Nature-Based Science Activities to Do with Your Child at Home

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As school jumps back into session, children are itching to do something fun on the weekends. The season of fall brings many new ideas and projects for you and your young child to try at home together, particularly ones that keep their learning momentum going! Capitalize on this fun learning opportunity by adding some nature-based science activities for grades K–3 to your weekend routine!

Free Leaf Art Activity Grade 1


Start your nature projects off strong with a fun leaf art project! This life science unit is from Evan-Moor’s Skill Sharpeners: Science (grade 1) activity book, a great resource for fine-tuning those science skills in a fun way! The unit teaches about how leaves grow and live and includes reading comprehension, vocabulary, writing, and art activities! We’re giving you a free download of the leaf art activity!

Click here for a free download of the leaf project.


Garden Activity Grades K–6

For a fun nature activity that lasts all year round, start a garden with your child! Teach your child about plant life, the life cycle, and how plants eat and grow, all in your backyard. The scale of your garden is up to you; you can invest in a planter box outside, or even just grow some smaller plants in your kitchen window. Either activity opens up a world of nature science for your child to explore. Incorporate art into your science by having your child paint the pots or name the plants! You can even have your child take pictures at different stages of growth and make a mini-photo album of your garden!

Pumpkin Life Cycle Lesson Grade 2

Keep your life science theme and engage your child in learning about the growth and life cycle of a pumpkin! This unit, from Skill Sharpeners: Science (grade 2) teaches children all about the life cycle of plants with reading comprehension, vocabulary, and writing activities. This pumpkin growth activity asks children to match the sentence describing the growth stage to the picture. Have your children point out the growth stages of pumpkins when you go to the patch to pick out your own!

Download this free pumpkin life cycle page here.

Make Watercolor Paint from Flowers Grades K–3

To combine your science and art activities, you can make natural watercolor paint with some flowers!! For this activity, you’ll need:

  • Brightly colored flowers (or if you don’t have any wild ones available, you can buy some from the store)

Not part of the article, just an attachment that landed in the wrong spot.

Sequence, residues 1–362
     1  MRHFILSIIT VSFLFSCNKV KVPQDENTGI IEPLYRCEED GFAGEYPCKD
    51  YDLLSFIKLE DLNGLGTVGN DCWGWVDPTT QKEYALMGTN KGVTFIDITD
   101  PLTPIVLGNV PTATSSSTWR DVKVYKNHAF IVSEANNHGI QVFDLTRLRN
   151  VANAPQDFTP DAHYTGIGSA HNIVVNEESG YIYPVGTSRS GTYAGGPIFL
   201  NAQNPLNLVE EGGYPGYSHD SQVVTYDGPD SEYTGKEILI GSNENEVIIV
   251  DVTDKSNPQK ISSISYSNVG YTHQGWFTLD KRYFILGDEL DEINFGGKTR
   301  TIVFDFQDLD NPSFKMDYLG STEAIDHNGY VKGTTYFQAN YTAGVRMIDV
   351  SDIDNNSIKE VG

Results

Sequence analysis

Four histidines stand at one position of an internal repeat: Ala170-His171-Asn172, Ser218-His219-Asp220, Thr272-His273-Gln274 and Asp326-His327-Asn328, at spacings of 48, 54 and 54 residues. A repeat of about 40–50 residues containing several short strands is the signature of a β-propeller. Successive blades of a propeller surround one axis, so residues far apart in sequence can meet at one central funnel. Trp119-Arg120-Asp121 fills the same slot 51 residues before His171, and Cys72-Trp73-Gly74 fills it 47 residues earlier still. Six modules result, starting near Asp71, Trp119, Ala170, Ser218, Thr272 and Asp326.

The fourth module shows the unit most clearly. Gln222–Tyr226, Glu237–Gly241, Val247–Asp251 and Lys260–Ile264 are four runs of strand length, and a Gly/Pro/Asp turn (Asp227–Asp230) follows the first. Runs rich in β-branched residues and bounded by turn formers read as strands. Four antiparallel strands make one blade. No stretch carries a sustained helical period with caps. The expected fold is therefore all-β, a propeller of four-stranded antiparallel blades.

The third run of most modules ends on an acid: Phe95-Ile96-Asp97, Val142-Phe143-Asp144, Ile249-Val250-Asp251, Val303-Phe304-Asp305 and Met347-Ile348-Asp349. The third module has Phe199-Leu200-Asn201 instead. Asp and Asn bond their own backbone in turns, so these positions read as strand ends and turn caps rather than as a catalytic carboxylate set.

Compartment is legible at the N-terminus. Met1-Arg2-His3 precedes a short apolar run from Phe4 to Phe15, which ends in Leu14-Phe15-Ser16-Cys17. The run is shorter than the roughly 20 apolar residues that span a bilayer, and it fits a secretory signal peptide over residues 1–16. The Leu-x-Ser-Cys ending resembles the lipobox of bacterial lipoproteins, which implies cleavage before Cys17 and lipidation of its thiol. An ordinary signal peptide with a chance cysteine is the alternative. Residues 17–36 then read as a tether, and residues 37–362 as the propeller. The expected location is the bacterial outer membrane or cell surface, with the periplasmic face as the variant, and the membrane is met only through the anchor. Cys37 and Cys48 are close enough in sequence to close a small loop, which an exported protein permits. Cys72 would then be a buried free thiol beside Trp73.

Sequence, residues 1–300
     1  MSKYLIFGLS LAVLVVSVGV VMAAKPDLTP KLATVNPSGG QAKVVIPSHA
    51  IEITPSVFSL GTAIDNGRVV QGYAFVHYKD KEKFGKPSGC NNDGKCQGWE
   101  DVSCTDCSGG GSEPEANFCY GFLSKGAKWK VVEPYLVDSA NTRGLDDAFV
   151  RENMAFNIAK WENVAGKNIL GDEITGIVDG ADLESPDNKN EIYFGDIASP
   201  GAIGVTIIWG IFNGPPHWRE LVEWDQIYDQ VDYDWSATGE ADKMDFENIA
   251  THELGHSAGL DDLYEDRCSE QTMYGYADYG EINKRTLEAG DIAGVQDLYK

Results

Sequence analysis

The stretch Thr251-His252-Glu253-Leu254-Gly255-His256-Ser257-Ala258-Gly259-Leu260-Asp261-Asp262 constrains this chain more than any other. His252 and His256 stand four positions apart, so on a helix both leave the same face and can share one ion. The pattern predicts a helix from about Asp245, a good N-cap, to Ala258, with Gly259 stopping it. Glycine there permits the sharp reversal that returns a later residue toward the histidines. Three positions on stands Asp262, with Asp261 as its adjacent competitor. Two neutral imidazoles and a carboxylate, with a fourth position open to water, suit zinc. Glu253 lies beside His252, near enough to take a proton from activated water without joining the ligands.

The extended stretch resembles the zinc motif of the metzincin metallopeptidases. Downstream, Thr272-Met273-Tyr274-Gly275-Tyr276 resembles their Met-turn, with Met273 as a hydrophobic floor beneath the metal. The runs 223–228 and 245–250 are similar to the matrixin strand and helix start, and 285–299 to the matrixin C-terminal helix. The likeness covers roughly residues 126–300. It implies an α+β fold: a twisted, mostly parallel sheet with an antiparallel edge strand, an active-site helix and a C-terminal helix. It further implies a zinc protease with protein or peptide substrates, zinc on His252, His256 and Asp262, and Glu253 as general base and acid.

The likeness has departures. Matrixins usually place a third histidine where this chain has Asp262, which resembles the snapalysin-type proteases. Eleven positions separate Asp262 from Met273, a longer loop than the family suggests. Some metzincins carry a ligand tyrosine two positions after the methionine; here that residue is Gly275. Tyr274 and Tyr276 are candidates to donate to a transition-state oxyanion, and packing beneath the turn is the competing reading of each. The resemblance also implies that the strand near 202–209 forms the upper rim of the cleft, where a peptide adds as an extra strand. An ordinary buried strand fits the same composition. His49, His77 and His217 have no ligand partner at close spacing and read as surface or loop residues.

• Ziploc bags
  • A rolling pin
  • Small bowls or cups
  • Painting supplies

Steps to create your flower paint

  • Separate your flowers by color.
  • Pick the petals off each flower and place them in separate Ziploc bags.
    • Note: If you do the same process with all the stems from the flowers, you can get a lovely green color!
  • Heat up some water (not boiling hot, but warm to hot).
  • Add hot water to each of the bags and close them (you don’t need too much water in each bag; your amount of paint will match the amount of water you put in).
  • Use the rolling pin the squish the petals into the water.
  • Let the water and petals sit for a few hours.
  • Pour your new natural watercolor paints into cups or bowls!
    • If colors still aren’t vibrant enough, try adding more flowers and hot water.
  • Paint away! You can paint with leftover flowers, brushes, or finger paint!

Don’t forget to mention to your child about how color pigments work, and how stems get their green color from photosynthesis and chlorophyll!

Ecosystem Lesson and Activity Grade 3

Evan-Moor’s Skill Sharpeners: Science (grade 3) activity book features a whole unit on ecosystems! The unit covers the life science of ecosystems, including how living and nonliving things interact to create habitats and ecosystems. The unit presents new vocabulary, reading comprehension, and writing activities. It also includes hands-on ecosystem art activities and an answer key! 

Bring science home this fall with some fun nature activities! The fall season is a perfect opportunity to get outside and observe the natural science around you! Just the simplest of nature activities can engage your child in science and give them some good stories to bring back to school!

Christine Wooler has experience working with children as a youth soccer coach and summer camp counselor. She is currently studying English Literature and journalism in college. She enjoys exploring educational topics that help students have fun while learning.